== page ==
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SMEs need more EU support to compete on global markets  

New EU strategy for small businesses should be backed by extra funding, capacity-building programmes, and a wider partnership with local government.​

Small businesses need broader and longer-term action from the European Union to help them scale up their operations, gain access to public tenders, and benefit more from the single market, the European Committee of the Regions argues in a set of recommendations intended to feed into a strategy planned by the incoming president of the European Commission.

The proposals from the EU's assembly for local and regional politicians, which were adopted on 8 October, include an adjustment in the definition of a small and medium-sized business, eased access to larger EU funding, and a pro-business model of partnership that pays greater attention to the local and regional dimension.

The opinion – entitled " Contribution from regions and cities towards a new EU policy framework for SMEs " – expands on a resolution adopted in June 2019, in which the CoR called for the new Commission, which should come into office in November, to "increase SME capacity to innovate, operate across borders and adapt to new economic models" and to strengthen "the SME dimension in EU policy-making". The recommendations were drafted by Tadeusz Truskolaski (PL/EA), a mayor of the Polish city of Białystok and former economist who has written two previous opinions on the EU's support for small business.

Mr Truskolaski said: "The EU's decade-old Small Business Act was a breakthrough and the outgoing Commission has made some important contributions, including making it easier for SMEs to access public money markets and by ensuring there is a strong regional and local dimension to the Enterprise Europe Network . But we need to fill the remaining gaps and respond to new developments, including growing expectations about the role of small business in the transition to a socially and environmentally sustainable economy. Overall, the single market is a success story for the EU, but we are a long way from a single market that truly works for SMEs. I am therefore very glad that Commission President-elect Ursula von der Leyen has proposed a new SME strategy, including a greater focus on SME digitisation."

He continued: "At the moment, we are seeing an economic polarisation of EU regions, because larger businesses – many of them concentrated in national economic centres – are growing faster than small businesses. So, strengthening SME policies will help the European economy to become more socially fair and inclusive. Local and regional authorities, SMEs and their associations should have a more active role in shaping and coordinating EU policies. This reflects the need, in our view, to prioritise local and regional thinking, with a national and international focus coming at a later stage. Overall, we should support small businesses to scale up and innovate from the moment they enter the local market to when they join the global market."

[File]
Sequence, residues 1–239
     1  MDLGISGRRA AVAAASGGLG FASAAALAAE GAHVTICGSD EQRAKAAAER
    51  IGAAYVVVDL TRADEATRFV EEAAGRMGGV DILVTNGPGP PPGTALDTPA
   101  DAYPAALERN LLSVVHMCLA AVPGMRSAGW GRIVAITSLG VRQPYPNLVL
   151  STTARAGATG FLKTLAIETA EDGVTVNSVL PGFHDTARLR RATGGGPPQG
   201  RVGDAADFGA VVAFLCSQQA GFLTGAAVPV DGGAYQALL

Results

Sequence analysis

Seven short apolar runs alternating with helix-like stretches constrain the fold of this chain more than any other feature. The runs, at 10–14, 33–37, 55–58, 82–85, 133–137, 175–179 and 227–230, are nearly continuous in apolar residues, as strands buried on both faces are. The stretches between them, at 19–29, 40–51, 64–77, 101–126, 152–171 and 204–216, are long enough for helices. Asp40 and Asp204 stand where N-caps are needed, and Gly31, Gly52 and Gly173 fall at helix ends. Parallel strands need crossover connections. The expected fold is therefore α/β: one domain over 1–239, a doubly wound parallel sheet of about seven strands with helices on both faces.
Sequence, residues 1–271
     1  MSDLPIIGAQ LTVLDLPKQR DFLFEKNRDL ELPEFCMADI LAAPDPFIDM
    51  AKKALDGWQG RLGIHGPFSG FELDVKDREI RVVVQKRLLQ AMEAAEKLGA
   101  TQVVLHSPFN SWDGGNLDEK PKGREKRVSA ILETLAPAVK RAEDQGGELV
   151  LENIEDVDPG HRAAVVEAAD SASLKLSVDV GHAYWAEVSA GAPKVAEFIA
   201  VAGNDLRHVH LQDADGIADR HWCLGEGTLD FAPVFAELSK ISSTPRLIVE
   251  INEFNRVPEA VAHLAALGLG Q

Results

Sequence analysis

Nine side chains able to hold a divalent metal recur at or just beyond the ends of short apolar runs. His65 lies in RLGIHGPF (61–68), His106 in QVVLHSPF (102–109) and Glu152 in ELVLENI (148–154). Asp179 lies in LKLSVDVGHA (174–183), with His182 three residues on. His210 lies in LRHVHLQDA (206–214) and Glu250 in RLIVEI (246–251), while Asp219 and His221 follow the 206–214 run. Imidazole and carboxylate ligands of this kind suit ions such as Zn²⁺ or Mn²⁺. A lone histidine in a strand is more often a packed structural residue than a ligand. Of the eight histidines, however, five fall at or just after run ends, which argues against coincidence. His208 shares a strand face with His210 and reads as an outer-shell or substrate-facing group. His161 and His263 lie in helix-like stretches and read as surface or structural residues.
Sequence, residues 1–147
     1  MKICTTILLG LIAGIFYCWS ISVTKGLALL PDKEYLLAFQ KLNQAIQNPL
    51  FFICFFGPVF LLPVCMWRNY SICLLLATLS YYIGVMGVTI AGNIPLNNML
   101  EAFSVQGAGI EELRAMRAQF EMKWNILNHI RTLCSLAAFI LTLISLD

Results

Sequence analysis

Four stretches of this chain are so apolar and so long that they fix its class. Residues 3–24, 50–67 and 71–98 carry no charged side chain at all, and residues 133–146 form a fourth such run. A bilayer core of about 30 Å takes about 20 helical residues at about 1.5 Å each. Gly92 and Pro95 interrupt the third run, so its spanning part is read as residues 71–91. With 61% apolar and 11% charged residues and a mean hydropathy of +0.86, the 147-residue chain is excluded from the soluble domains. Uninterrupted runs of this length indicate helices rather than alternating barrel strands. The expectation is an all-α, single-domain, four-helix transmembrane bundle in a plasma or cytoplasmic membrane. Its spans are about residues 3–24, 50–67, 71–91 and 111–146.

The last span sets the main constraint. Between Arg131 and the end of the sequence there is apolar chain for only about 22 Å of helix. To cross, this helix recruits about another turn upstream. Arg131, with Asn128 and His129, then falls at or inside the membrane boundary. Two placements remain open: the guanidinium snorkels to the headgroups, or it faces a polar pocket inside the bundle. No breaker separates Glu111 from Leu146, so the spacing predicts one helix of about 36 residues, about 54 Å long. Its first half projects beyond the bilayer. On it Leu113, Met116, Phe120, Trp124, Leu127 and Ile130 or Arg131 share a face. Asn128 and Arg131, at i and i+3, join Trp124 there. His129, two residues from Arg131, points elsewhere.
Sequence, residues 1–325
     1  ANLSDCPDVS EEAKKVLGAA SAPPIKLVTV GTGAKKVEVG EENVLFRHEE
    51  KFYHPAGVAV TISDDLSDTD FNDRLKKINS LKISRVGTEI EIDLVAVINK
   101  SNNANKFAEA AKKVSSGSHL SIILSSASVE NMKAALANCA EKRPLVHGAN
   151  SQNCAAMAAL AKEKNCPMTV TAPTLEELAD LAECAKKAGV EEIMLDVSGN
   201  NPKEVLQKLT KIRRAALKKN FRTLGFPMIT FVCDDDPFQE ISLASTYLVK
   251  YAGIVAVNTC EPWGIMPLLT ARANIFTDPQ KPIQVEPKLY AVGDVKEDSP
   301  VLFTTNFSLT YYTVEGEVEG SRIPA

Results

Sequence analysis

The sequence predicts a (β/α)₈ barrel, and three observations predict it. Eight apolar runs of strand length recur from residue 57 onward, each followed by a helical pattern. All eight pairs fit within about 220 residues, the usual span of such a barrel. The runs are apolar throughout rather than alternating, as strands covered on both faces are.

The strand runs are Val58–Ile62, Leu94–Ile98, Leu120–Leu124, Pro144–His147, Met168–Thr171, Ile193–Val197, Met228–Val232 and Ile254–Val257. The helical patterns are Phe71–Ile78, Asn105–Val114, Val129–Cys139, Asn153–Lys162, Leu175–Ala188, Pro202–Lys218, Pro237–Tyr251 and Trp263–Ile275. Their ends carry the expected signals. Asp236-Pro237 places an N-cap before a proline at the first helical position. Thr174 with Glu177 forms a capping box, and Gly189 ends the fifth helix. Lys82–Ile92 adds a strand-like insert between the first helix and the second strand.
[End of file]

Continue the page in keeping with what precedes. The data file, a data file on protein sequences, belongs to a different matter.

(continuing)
The CoR's opinion calls for the increase in the level of funding of the EU Single Market Programme . "EU investment in small businesses – and, more generally, in completing the single market – pays big financial and social dividends for regions across the EU," said Mr Truskolaski, "and small businesses are also crucial players in the emergence of the circular economy in Europe." He added that, in his region of eastern Poland, there are clusters of competitive and innovative businesses active in medical-equipment production, textiles and software that have benefited from the EU's help.

As well as calling for a bigger budget for the development of the single market, the CoR argues that the EU's structural and investment funds should be tailored to support SMEs and micro-entrepreneurship across a variety of programmes. It urges the European Commission to streamline ways for SMEs to access EU funds and to develop programmes that would help build up capacity to support a business-friendly environment.

The CoR also argues for a revision of the definition of 'SMEs' currently in use at EU level, to benefit medium-sized enterprises (companies employing up to 500 people). It argues that medium-sized enterprises are "structurally very comparable" to SMEs (companies with fewer than 250 employees) "and yet do not get preferential treatment over large enterprises".

Noting that small businesses in the EU are wary about trading across borders and about applying for public-service contracts, the opinion suggests that assigning bonus points to companies of local and regional origin could encourage more bids by small businesses. On 9 October, the CoR devoted a separate opinion to public procurement. That opinion, by Thomas Habermann (DE/EPP), was based on feedback from a network of 36 EU regions , from Alejento in Portugal to Mazovia in Poland.

In the new European Commission, responsibility for SME policy is currently expected to rest with three people: Margrethe Vestager, Executive Vice-President for 'Europe Fit for Digital Age' and Commissioner for Competition; Valdas Dombrovskis, Executive Vice-President for 'An Economy that Works for People' and Commissioner for Financial Services; and Sylvie Goulard, Commissioner for the Internal Market.

Contact:

Andrew Gardner
Tel. +32 473 843 981
andrew.gardner@cor.europa.eu